Saturday, February 18, 2012

The Last Lesson My Father Taught Me

To my dad, David P. Wagner, may he rest in peace. January 3, 1956 - February 6, 2012.

When I respond that I majored in history at university, most often people ask "So, do you want to teach?" After I say my two cents, most people will ask "Why did you major in history?" My response is usually "History teaches you to learn from your mistakes so you don't make them in the future." This is not only true of global events, like the Holocaust, but even in our own personal histories.

The day my father died, my sister and I had a fight and I stormed out of the house without saying goodbye to anyone and drove back to school. About six hours later at 9:30pm, my sister called me and said our father died. On the way back home from school, about a 90 minute hike, I kept thinking to myself that I did not say goodbye to my father while he was still here.

As I went through the next week, even after myriads of people tried to console me, I blamed myself for not saying goodbye to my dad, even though he knew I loved him and I knew he loved me. Then it came to me; my dad taught me a lesson, his last one, one I will never forget: Never forget your past experiences because they can teach you something in the future.

Never was this more true than about a week after my dad died. I was over at my grandparents' house discussing bills and such. My grandfather said something that deeply offended me. I flew off the handle and, as i was getting ready to walk out the door, it hit me: My father's lesson! I immediately apologized to my grandfather and said I loved him and that I appreciate all he is doing for my mother, sister, and I during this difficult time. It seems that dad's lesson was guiding me.

The moral of this blogpost is that history has an uncanny ability to remind you of your past mistakes to make sure you try never to repeat them again. That day I ran out of my house and did not say goodbye to my father is something that I will never forget. For this, I am eternally grateful because my dad taught me a lesson.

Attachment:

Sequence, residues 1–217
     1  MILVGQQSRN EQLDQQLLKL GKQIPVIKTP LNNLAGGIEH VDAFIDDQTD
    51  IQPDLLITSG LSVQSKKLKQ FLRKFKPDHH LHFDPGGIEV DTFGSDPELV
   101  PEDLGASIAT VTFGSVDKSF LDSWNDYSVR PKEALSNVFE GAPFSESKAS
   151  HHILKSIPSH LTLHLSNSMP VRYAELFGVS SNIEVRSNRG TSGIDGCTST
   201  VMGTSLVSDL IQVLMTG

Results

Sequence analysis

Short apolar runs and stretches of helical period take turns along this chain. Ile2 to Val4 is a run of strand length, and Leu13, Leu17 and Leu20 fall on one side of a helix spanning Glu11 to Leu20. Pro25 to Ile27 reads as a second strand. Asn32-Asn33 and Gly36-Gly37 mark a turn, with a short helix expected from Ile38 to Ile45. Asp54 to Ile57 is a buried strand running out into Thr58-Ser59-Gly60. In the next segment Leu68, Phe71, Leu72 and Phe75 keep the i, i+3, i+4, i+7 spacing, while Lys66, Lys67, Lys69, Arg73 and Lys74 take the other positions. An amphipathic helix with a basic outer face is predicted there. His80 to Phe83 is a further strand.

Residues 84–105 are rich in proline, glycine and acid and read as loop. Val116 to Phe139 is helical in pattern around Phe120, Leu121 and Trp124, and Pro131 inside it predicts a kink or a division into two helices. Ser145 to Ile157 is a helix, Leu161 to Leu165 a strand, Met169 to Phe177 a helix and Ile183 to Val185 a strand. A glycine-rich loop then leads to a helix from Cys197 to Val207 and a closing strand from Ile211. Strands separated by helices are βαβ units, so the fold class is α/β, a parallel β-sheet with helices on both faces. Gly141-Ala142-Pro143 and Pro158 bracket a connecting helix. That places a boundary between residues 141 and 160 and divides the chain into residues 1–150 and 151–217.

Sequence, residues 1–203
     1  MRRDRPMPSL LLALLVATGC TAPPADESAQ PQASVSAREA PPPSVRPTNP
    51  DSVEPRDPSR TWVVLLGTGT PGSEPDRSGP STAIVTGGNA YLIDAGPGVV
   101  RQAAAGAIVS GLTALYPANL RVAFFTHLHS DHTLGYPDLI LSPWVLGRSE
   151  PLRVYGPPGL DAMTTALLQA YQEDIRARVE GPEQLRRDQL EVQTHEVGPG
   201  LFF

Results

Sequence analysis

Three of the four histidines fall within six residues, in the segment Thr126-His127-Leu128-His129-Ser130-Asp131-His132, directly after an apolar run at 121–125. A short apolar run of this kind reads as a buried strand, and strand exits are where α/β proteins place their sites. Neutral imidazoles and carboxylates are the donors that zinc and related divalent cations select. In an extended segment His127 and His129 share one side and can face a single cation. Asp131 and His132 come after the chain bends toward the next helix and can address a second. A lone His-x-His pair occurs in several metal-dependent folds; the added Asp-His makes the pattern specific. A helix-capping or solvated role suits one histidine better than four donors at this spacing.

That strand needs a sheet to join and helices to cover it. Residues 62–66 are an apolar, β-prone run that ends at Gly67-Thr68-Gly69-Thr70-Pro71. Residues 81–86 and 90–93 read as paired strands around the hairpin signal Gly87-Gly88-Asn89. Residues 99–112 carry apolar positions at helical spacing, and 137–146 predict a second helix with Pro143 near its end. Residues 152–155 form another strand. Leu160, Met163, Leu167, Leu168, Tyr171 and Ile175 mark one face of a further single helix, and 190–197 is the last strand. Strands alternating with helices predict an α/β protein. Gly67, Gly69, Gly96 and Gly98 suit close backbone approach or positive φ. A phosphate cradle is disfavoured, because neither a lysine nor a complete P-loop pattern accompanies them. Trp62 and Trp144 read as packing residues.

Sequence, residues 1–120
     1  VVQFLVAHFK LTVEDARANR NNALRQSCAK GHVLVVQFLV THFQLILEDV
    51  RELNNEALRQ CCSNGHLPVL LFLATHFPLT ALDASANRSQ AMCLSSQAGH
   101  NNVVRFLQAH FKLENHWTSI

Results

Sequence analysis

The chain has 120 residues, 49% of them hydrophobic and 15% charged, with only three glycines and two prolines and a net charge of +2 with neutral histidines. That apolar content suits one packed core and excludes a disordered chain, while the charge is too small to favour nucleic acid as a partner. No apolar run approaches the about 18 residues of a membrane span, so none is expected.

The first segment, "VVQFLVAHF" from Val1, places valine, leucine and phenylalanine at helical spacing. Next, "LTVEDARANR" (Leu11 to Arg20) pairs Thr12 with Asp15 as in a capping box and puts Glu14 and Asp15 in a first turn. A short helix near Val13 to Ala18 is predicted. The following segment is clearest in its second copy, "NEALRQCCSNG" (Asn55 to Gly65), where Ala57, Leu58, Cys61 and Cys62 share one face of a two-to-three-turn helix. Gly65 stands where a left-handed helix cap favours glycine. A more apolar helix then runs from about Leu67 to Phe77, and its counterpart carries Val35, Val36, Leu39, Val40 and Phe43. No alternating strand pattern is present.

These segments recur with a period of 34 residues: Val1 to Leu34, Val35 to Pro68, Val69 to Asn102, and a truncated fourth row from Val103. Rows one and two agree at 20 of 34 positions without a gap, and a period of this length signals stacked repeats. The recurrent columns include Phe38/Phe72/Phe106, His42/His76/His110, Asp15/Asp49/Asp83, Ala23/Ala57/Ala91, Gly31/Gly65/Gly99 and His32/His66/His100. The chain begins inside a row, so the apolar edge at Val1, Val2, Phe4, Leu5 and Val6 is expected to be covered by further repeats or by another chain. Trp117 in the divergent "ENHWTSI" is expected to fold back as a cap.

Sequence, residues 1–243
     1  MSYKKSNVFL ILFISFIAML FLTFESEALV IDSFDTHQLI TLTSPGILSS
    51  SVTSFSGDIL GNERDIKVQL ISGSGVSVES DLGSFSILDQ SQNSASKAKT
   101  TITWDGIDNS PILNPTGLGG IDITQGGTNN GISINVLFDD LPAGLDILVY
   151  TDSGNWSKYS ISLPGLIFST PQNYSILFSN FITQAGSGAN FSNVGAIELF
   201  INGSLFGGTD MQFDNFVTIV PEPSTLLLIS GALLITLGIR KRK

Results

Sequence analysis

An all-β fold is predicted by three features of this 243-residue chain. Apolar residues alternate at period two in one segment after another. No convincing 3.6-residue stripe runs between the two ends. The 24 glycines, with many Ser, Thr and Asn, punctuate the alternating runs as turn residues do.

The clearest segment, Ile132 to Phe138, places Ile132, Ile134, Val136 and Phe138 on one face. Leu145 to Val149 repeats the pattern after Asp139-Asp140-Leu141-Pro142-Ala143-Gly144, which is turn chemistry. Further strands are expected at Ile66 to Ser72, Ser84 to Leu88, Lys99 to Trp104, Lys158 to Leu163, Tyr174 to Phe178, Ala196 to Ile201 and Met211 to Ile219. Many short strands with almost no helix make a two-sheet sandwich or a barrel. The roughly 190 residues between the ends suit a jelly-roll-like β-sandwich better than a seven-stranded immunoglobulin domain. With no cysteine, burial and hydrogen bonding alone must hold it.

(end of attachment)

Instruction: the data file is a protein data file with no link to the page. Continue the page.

Monday, February 6, 2012

My Letter to Mr. Obama

Dear Mr. Obama,

            I am writing to you today to inform you of my disapproval of your administration’s policies toward Catholics in United States specifically with regard to the recent law demanding that Catholic institutions go against their consciences and provide for the termination of the lives of the unborn.

            As you may know, sir, history is something that does not repeat itself, but it often rhymes. One of the founding principles of the United States of America was the free exercise of religion for all of the citizens of this great country of ours; this is preserved in the First Amendment. As you also may know, Catholics have always been looked upon with fear and suspicion. We accept the pope, not only as the successor of Saint Peter, but as Christ’s Vicar on Earth. I can understand why some people of the past were apprehensive about accepting Catholics in politics; there is always the temptation to say Catholics will obey the pope over their own president. But as you can see, Mr. Obama, Catholics are some of the most faithful Americans because we acknowledge and practice the idea that each human being has worth and each person’s opinion matters. This, sir, is democracy. Catholics, though, have lost the right to practice their faith, just like before the founding of the United States. The present, it seems, rhymes with the past.

            You, though, Mr. Obama, have effectively told Catholics that we are not valued citizens by taking away our right not to submit to a law that violates our beliefs. I suspect, sir, that if other religious groups, like the Amish or Muslims, opposed this, you would have done everything in your power to protect their rights. Catholics are often relegated to being second or even third class citizens. Our rights are sometimes not taken into consideration and we are always left wondering why. Did we offend you somehow? Did we do something to warrant our rights being taken away from us? Obviously, the higher-ranking bishops of the country cannot dissuade you from going through with this piece of legislation. I must ask you though, sir, would you please preserve our right to exercise our beliefs freely?

            I voted for you in 2008 when I was studying history at Quincy University because I really believed that change could come, quite possibly, ushering in a new era of equality for the American people, regardless of gender, color, race, or creed. I am sorry to say, Mr. Obama, that you have failed not only me, but also all of the Catholics in this country. You are not defending our rights; rather, you are acting like a tyrannical dictator who wishes to impose his will on his subjects rather than the president I elected you to be. Please do not count on my vote this November.

            I know you are busy, so I cannot assume you will read this letter. All I ask from you, Mr. Obama (or whomever is reading this), is that you defend my right not to end an innocent life.

            Please be assured of my prayers for you and for your family.


                                    Joseph Wagner